About This Project
This project aims to use deep learning to engineer synthetic proteins for enhanced secretion, increasing the yield and scalability of microalgae-based protein bioproduction. We combine advanced proteomics techniques with AI-informed protein design and experimental validation to build a valuable tool for economically sustainable photosynthetic biomanufacturing
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What is the context of this research?
The global recombinant proteins market was estimated to be worth $1.4 billion in 2022 and is poised to reach $2.4 billion by 2027 (1). Recent advances in synthetic biology and metabolic engineering have made it possible to produce proteins as therapeutics, alternative meats, and industrial chemical catalysts. However, current bioproduction techniques rely on sugar feedstocks, which demand substantial arable land resources for their cultivation (2). Advances in circular biomanufacturing need to be made to sustainably scale up biomanufacturing.
What is the significance of this project?
Microalgae have the potential to make protein bioproduction more sustainable and affordable. Requiring only light, CO2, and trace nutrients, microalgae can produce bioproducts without the need for sugar feedstock input; therefore, microalgae biomanufacturing does not compete with crops for land. The absence of carbon feedstock also reduces the risk of contamination by other microbes (3). For protein production, eukaryotic microalgae can perform post-translational modifications necessary for many industrially relevant proteins. Although there has been laboratory-scale work to engineer microalgae for protein production, current low yields mean that operational costs need to decrease by 10x to make it economically feasible to use microalgae for biomanufacturing at scale (4).
What are the goals of the project?
The secretion of recombinant proteins from intracellular space into the culture medium can increase yields by improving protein folding and in vivo stability, facilitating the production of soluble and active proteins (5). As secretion does not require the lysis of the host cell, it reduces the costs associated with separation and subsequent processing of the purified protein product. Leveraging AI-informed engineering of microalgal secretion systems could economically scale up microalgae protein production from low mg/L to near g/L, making commercial use more feasible (6). The workflow we build in this project could become the foundation of an expandable framework for optimizing protein secretion in other non-model organisms.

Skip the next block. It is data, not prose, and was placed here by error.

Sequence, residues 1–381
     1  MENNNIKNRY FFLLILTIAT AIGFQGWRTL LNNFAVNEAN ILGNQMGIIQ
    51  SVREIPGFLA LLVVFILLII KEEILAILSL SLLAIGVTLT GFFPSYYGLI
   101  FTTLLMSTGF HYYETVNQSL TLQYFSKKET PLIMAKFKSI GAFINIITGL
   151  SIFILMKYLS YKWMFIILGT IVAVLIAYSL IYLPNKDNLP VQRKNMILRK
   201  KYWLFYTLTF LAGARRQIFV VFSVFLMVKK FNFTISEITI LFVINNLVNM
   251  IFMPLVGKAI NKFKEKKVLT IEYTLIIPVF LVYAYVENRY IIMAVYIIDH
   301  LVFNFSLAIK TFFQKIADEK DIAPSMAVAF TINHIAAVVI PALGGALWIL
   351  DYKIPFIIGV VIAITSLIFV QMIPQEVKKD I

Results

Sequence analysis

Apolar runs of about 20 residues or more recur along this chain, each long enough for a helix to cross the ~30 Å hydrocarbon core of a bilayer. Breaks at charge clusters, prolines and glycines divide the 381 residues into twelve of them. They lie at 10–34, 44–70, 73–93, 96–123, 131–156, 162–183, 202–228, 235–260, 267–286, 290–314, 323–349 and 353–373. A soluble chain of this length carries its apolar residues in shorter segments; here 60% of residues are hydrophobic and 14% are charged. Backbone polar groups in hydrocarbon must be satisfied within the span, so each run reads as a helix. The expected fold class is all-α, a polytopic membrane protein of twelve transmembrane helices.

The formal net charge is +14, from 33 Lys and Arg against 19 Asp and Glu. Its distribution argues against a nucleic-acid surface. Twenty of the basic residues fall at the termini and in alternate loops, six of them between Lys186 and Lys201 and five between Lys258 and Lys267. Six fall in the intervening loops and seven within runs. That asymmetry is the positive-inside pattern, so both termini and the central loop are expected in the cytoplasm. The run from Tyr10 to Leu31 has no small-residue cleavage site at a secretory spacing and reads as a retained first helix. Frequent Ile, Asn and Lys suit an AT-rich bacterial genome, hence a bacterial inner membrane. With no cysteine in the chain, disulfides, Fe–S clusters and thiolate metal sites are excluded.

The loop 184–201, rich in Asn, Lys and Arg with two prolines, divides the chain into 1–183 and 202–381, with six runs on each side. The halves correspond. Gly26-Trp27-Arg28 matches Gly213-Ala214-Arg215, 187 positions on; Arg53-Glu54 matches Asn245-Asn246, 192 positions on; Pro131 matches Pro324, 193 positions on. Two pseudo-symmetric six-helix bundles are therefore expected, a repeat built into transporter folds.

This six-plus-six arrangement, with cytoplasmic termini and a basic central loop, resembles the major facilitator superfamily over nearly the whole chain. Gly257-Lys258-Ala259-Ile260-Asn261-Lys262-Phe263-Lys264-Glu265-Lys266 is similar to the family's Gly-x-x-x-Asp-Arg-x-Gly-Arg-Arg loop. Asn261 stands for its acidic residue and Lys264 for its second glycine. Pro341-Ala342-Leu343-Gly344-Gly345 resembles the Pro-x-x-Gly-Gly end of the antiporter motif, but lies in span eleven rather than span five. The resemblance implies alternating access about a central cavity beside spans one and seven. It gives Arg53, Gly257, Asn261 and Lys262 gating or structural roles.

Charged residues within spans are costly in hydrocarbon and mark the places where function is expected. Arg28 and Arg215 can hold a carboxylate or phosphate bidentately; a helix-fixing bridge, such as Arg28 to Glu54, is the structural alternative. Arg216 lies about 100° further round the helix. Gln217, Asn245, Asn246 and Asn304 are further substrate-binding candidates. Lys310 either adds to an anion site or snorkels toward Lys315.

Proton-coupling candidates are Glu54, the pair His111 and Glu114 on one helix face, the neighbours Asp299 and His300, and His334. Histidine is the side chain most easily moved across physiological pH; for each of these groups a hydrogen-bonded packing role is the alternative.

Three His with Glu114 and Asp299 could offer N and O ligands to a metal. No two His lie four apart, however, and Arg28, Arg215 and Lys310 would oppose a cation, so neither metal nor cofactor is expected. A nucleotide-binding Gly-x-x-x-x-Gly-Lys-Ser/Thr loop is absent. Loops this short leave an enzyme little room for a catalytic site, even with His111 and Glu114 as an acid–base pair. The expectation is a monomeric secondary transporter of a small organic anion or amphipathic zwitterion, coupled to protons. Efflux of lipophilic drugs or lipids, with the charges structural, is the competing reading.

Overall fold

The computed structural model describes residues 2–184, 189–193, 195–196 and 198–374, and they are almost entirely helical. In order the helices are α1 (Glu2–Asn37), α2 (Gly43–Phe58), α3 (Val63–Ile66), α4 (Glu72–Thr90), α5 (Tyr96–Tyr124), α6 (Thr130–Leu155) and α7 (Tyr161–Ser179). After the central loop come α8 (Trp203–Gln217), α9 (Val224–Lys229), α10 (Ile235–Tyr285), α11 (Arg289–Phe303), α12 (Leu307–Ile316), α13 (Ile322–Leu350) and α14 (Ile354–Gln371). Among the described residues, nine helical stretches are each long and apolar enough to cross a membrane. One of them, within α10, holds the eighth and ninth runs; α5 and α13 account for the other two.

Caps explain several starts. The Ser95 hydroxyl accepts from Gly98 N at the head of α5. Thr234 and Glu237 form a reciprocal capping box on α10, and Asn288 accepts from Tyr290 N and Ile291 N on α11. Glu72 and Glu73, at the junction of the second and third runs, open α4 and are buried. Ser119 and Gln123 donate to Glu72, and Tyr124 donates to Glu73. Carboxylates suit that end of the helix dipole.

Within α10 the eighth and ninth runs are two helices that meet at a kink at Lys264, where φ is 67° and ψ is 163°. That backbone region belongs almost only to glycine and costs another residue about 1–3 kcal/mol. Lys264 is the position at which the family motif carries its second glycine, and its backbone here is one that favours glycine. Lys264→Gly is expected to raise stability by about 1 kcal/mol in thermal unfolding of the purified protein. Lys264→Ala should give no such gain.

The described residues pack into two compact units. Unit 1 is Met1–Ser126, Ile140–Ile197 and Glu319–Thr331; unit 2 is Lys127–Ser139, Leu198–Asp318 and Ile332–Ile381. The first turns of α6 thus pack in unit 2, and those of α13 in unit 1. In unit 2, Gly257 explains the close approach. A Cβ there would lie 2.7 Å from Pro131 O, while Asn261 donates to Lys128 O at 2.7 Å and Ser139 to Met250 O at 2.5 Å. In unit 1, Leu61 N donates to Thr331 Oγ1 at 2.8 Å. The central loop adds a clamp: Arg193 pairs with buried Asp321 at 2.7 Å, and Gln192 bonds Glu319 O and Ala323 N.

end date: May 15, 2024
May 15, 2024
Meet the Team
We are an academic team using synthetic biology to provide scalable solutions for climate challenges. Our team has strong microbiology (Izzy Goodchild-Michelman, Elizabeth Hann, Tzu-Chieh Tang), synthetic genomics (Jenny Tam, George Church), and proteomics (Bogdan Budnik) expertise. The computation part of this work is a new exploration for us. We work with Nikhil Naik, our consultant for generative protein design, to tackle the protein secretion problem with the help of large language models.
Izzy is an undergraduate at Harvard College, completing her senior thesis research with the sustainability team in the Church lab. She works on two main projects at the Wyss: 1) bioprospecting and characterizing novel species of photosynthetic bacteria with attractive biotechnological characteristics, and 2) developing a genetic toolkit to engineer protein secretion in a fast-growing cyanobacteria for biomanufacturing. Here is the link to her LinkedIn.
Tzu-Chieh (Zijay) Tang is a Research Fellow at the Wyss Institute at Harvard. His research focuses on the intersection of synthetic biology and materials design, aiming to tackle climate challenges with biotech approaches. Here are the links to his LinkedIn and Google Scholar profiles.
Elizabeth is a Research Fellow at the Wyss Institute at Harvard. Her research focuses on using biotechnology to address the climate crisis. She has extensive experience working with algae, and did the majority of her PhD thesis work in Chlamydomonas reinhardtii specifically. You can see more at her LinkedIn and Google Scholar profiles.
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